According to the statistics presented in the Neu-Pasua Heimatbuch using as the fixed date the Flight, October 6, 1944 a perfect picture emerges with regard to the village inhabitants through the compilation of the information that was provided.  In total, Neu-Pasua had 5,880 inhabitants.  The refugee families from other communities that sought safety among us out of fear of Partisans attacks are not included in that number.  There were 5,812 Lutheran and 11 Roman Catholic Germans.  From among the 57 non-Germans there were 39 Slavs and 18 Gypsies.  The latter had lived here for several generations and spoke the Swabian dialect fluently.  The village counted 26 streets and alleys.  There were 1,153 houses alongside of workshops and stores.  On the basis of these statistics Neu-Pasua like all of the other German communities had already suffered heavy war losses prior to the day of the Flight.  At that time there had been 124 men who had fallen in battle or were missing.  It was only several years after the end of the war that the sorrowful balance sheet of our losses could be drawn up resulting from the mass murders carried out by the Partisans, the numbers of victims of epidemics in Tito’s internment and death camps and the years spent in slave labour  from 1948 to 1951.  In total, during the Second World War the number of those who fell in battle, are missing or were put to death in an inhumane manner in captivity include 295 men in the military and 169 civilians primarily the elderly, women and children for a total of 464 persons.  It is a proven fact that the losses suffered at war’s end were greater than during the actual conflict and should be considered unique if not unthinkable.  These losses account for 8% of the population compared to 3% in the First World War when 137 persons lost their lives.  We need to mention that a transport consisting of 187 of our people the majority of which were family members from Neu-Pasua were forced on trains in Ried in Upper Austria and were shipped back to Yugoslavia at war’s end.  This train transport travelled as far as Mitrowitz in Syrmia where the vast majority of these destitute people perished in utter misery in the internment camp there.  But there were other German communities that suffered greater losses than we did.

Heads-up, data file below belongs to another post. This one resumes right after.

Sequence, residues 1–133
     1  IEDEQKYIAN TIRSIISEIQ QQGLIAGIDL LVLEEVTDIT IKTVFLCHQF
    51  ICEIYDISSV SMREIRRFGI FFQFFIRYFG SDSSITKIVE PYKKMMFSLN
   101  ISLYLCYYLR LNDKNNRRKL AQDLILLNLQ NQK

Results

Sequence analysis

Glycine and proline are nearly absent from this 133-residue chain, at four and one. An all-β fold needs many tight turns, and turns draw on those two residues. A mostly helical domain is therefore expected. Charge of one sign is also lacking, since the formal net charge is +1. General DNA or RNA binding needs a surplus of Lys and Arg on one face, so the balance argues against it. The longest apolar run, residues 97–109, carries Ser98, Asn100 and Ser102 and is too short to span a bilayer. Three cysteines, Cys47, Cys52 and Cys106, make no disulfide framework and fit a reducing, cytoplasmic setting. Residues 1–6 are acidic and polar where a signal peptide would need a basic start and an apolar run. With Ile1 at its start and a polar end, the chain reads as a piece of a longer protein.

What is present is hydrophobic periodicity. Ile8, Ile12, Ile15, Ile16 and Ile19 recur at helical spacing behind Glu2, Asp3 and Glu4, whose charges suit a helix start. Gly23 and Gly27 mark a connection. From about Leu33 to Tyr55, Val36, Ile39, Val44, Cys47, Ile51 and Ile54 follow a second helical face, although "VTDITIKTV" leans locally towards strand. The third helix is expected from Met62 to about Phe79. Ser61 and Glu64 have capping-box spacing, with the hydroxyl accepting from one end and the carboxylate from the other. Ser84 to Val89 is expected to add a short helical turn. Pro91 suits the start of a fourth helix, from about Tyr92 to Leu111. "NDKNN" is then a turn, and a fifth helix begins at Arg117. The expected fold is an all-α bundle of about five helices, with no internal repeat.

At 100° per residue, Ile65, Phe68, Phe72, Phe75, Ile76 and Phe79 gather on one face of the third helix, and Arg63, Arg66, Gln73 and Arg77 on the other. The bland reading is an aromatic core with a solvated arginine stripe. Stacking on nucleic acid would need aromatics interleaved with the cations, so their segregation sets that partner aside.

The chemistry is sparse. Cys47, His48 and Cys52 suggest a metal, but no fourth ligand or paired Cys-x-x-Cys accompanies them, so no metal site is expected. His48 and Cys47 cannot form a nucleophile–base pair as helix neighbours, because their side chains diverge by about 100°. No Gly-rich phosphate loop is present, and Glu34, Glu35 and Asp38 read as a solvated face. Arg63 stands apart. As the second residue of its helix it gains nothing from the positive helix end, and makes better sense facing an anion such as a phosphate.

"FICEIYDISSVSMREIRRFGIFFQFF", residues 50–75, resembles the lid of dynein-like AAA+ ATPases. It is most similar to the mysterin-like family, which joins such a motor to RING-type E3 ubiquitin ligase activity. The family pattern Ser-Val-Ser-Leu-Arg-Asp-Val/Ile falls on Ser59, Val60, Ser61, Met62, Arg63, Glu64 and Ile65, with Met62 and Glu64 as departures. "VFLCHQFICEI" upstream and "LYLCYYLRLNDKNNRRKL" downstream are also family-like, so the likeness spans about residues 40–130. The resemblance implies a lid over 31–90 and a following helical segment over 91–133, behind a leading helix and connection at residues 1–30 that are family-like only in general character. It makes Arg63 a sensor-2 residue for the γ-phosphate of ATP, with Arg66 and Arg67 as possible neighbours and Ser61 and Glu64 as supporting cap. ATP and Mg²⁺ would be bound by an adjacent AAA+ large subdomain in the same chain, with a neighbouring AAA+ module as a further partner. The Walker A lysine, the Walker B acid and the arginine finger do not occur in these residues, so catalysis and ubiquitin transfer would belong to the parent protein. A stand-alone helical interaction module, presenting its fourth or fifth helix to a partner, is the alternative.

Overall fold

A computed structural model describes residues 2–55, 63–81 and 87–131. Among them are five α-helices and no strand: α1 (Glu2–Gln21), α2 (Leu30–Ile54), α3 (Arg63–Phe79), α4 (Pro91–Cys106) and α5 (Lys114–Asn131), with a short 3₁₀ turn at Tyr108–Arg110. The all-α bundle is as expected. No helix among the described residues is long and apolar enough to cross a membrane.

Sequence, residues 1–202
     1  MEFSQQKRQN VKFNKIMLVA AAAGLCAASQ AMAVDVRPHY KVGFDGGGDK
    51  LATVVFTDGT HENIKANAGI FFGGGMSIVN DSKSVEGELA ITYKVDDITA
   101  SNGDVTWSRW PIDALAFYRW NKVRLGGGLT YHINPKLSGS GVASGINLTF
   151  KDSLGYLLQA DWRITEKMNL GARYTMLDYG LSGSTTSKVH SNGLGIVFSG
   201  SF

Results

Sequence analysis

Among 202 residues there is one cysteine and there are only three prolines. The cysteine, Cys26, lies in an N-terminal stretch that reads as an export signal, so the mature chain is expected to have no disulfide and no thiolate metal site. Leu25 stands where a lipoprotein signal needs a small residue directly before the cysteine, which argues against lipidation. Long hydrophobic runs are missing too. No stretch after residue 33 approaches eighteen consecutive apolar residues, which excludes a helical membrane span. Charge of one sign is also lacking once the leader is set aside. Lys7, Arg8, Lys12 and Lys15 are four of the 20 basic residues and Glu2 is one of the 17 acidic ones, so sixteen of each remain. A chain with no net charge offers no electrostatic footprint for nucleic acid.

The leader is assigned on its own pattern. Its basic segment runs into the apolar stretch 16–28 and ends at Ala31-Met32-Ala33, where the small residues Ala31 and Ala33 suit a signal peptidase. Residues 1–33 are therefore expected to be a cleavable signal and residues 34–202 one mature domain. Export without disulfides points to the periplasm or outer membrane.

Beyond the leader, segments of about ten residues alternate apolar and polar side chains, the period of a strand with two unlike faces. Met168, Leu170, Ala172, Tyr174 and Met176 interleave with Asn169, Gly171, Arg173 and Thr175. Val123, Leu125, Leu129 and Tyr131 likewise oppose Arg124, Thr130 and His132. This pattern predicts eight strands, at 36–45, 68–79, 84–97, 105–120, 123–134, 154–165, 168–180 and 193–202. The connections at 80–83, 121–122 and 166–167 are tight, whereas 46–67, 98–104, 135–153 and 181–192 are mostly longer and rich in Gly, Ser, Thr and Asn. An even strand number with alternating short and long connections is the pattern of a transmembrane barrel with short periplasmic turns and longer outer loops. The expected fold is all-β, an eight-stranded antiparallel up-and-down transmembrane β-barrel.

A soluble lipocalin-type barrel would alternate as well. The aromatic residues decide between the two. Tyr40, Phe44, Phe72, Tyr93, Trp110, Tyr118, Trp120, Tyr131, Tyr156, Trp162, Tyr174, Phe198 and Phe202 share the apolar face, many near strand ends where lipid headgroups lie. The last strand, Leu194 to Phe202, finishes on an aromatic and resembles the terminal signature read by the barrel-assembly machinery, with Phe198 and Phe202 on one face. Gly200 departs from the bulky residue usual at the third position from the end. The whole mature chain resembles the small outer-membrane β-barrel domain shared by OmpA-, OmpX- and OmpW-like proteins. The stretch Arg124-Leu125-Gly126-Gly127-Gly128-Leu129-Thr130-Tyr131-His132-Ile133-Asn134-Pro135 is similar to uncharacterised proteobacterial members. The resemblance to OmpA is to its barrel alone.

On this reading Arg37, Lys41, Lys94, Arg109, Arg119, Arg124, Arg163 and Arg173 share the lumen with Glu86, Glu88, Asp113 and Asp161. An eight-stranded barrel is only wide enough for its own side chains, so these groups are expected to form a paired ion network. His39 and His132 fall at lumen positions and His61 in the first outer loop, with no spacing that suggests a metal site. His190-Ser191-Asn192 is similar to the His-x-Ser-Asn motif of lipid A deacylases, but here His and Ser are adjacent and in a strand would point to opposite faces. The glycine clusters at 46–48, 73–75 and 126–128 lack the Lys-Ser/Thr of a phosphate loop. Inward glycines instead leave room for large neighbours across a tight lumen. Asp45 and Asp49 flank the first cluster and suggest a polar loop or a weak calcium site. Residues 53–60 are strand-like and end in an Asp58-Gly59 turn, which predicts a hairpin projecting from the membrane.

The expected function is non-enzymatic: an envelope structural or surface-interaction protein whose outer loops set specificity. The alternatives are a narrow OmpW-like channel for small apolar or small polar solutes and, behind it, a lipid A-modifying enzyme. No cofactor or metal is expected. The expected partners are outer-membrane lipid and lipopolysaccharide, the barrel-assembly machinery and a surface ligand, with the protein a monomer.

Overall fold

Agriculture

 

  The community was without qualification a farming village with 80% of the population engaged in agriculture.  This was carried out in a very progressive manner.  As early as 1908 the first combine harvesting machines made in the United States of America were introduced locally.  Up until the Second World War the grain crops were harvested with this kind of machinery.  As a result of the prevailing and generally accepted inheritance rights the family acreage in almost all cases was evenly divided among all of the male heirs.  Because of this practice no large scale farms developed but rather remained mid-sized or small plots of land.  The major crops were wheat and maize in addition to barley, oats, sugar beets and other root crops.  In the last years prior to the Flight sunflowers were grown as a source for cooking oil.  As an example of the yields that our fields produced in terms of maize and wheat we can share the following:  there was a yield of about 400 wagonloads of maize and 250-300 wagonloads of wheat.  If we add the yield of oats and barley to meet the individual farmers needs, the large scale cattle rearing, the feeding of swine for slaughter and seeds for the next year’s planting the annual production exceeded 1,000 wagonloads.  The vineyard annually produced several thousand Hekto litres of good wines.

 

Crafts and Trade